Doug: One thing that we see at a show like this are new introductions. What does a new introduction have to do for you to be able to put it into someone's property? How do you look at that? Like I'm not sure it's brand new. How do you deal with that?

Lou: We do a lot of research. Back at the Davey Institute in Northern Ohio, we're always staying up on trends and what's happening. For me, what's important is resistance to pests and disease. I want my clients to be best served by a plant that is long-lived so that it's a wise investment. We're looking at those kinds of things. We're talking to growers to make sure that they're doing it responsibly. They're not just pouring chemicals into a plant to keep it alive until they sell it to you and then good luck. There's an all-around holistic approach to what we're doing.

Doug: When you see something new and they're pitching it to you, sometimes do you get like a, oh my, that thing would be perfect for this?

Lou: Oh, yes. For us, landscapers the right plant in the right place is as wonderful as seeing a Chevrolet with a Hemi for a gearhead. It's just, oh yes, this is the coolest thing in the world. For me, it's just a sense of beauty.

Doug: We had a presentation for the media earlier today and they were presenting a new arborvitae that, did I say that right, arborvitae?

Lou: Yes, arborvitae.

Doug: You know what I'm talking about. That grows super fast. It says that the claim usually it takes three years to get this big. Now it only takes two to get this big. I guess that's just part of the fun of a show like this. I'm sure you get pitched a lot of ideas. I get pitched a lot of ideas. These plants need to be trialed first before I'm going to tell people about them. Just because it's the newest, latest creation, you don't know what it's going to do in the wild.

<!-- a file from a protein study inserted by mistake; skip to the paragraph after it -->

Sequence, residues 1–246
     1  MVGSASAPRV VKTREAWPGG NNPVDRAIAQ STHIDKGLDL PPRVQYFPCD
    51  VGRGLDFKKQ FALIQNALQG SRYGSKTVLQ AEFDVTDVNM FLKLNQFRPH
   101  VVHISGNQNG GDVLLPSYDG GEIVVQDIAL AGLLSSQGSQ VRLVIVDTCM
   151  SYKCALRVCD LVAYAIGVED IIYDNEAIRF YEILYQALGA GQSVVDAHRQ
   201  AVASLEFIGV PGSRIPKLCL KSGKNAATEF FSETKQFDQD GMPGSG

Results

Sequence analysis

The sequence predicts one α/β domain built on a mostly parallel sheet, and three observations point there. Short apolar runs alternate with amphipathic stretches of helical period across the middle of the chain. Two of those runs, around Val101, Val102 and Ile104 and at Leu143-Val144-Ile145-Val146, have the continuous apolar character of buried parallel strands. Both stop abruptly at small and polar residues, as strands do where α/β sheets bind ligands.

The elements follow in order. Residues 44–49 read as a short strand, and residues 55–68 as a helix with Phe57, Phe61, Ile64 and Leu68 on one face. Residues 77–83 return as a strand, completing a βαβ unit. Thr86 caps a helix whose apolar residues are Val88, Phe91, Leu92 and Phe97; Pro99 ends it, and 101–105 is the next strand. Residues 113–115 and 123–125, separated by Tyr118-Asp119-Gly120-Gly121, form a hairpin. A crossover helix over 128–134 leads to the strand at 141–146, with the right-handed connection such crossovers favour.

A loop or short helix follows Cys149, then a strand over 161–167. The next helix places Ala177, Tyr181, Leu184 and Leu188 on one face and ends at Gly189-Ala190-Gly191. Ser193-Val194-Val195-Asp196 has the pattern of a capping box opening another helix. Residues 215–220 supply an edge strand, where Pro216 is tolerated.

Lou: Especially when we're planting 100 arborvitae on a property. When one of our clients says we need to develop a screen, I don't want to use a product that I don't know very well for that. We stand by all of our products what we plant in the ground and that comes from the growers themselves. We're making sure that it's the right stuff.

Doug: One question, I don't think I've ever asked you, what is the hardest part of your job or some of the hardest things for your job? Does anything come to mind?

Lou: There's difficulties in all jobs. For me, it's when things don't go right. When a tree does die, for instance.

Doug: Which can happen no matter how well you plant it something could have happened to it before you got it. Plants die. That's part of it.

Lou: I know that and you know that and usually, the clients know that but having to go back and replant, and I don't mind doing it because I understand that trees do die.

Doug: There is a certain disappointment to it, even when you do it. Trust me, I think anyone that works in this industry knows no matter if you do everything right, sometimes it's weather, sometimes it's insects, sometimes it's a disease, you never know what it is, sometimes the client's not watering it.

Lou: The products that we sell for homeowners and business owners are in flux. It's not a static product like a roof or a driveway or a sidewalk or even an electrical system where once it's in, it's in. What we're selling is a product that is a living product that is living, it's breathing, it's ingesting. There's a lot of input that decides and dictates whether it is a success or not. Our job of managing expectations is really important, and managing the needs of the plant itself and what the client needs to do to keep it alive.